From our working holiday volunteering with leopards, caracals and Cape biodiversity in South Africa

Fire, fynbos and felines

A team from Biosphere Expeditions has spent the past month trying to understand how fire affects a range of species from flowers to felines, in the fynbos area of South Africa. The study site (Blue Hill Nature Reserve) was impacted by a wildfire in early 2017, and whilst many may view this as destructive, it offers a unique research opportunity to assess how fire impacts this ecosystem.

The Cape Floral Kingdom (fynbos) of South Africa is one of the world’s biodiversity hotspots and as such a UNESCO World Heritage Site. It is dominated by a fire-driven ecosystem – the fynbos biome with unsurpassed botanical richness: 7,000 of 9,000 plant species that are found here are endemic. In theory fire should be a positive force.

It is in the flower-filled Cape Fold Mountains that the Cape mountain leopard is also found – a leopard half the size of the savannah leopards of Africa, but with home ranges twice the size. As project scientist, Dr. Alan Lee says “despite the importance of fire in driving ecological patterns in the fynbos, the role of fire on determining population sizes or land use patterns of many mammal species (including leopard) is poorly understood”.

Leopards are iconic and awe-inspiring creatures. They are the last remaining apex predator in the fynbos, where once lions roamed. As well as surveying leopard distribution (via a camera trap networks), the team have also been conducting vegetation surveys, small mammal trapping, bird and bat surveys – to better understand the affects of fire on the habitat, prey base for leopards and other ecosystem components.

“Understanding the impact of fire on feline predators is really important” says Dr. Lee, “there is mounting evidence to show that smaller predators, e.g. black-backed jackal and mongoose species, are more common when leopards are rare or absent. Black-backed jackals are notorious stock predators, resulting in significant numbers of small stock loss per year: especially in the Karoo area adjacent to the fynbos – an area where leopards are largely absent”.

“Better understanding the pieces of the fynbos puzzle is vital” says expedition leader Dr. Craig Turner. “It is  a slow process, but critical process, if we are to better protect Cape leopards”.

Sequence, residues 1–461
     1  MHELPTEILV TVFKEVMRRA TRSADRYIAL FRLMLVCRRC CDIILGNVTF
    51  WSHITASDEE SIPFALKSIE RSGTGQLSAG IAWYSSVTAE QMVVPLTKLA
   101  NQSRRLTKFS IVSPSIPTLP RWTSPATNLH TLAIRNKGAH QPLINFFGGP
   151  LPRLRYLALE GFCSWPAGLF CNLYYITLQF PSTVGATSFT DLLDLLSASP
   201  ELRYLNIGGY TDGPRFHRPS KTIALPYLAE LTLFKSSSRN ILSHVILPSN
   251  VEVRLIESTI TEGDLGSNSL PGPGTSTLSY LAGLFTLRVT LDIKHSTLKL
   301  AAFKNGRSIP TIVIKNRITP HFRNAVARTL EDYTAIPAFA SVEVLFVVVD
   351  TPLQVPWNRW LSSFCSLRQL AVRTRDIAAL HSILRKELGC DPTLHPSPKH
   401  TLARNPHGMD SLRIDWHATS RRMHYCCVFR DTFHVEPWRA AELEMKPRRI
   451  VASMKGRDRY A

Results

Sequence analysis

The team still has much data to process, but highlights of the past month of field research include:

  • Several new camera trap monitoring stations have been established to monitor leopard, caracal and other mammal activity and movement patterns;
  • We completed as much small mammal trapping as we did in the first two years of this expedition, recording three new species at Blue Hill in 2017;
  • Several hundred camera images from Blue Hill have be analysed, identified and catalogued, revealing activity of leopards and African wildcat across a number of locations;
  • Over 12 km of nocturnal transects surveys have been completed across the Blue Hill area;
  • We have assisted with multiple bird and biodiversity surveys across six sites in the Karoo (covering around 3000 km);
  • Assisted bird biologists (John & Lizzie) with ongoing doctoral research on Cape Rockjumper’s at Blue Hill (a bird species endemic to the fynbos);
  • Established nearly 300 permanent monitoring plots for endemic honeybush plants used to make tea;
  • Completed the first diurnal and nocturnal mammal maps for Blue Hill;
  • Undertook further bat monitoring and entered/analysed two years worth of sonogram data;
  • Collected multiple leopard scats for DNA analysis, and kept searching for leopards.

A selection of pictures (c) Craig Turner from the expedition is below:

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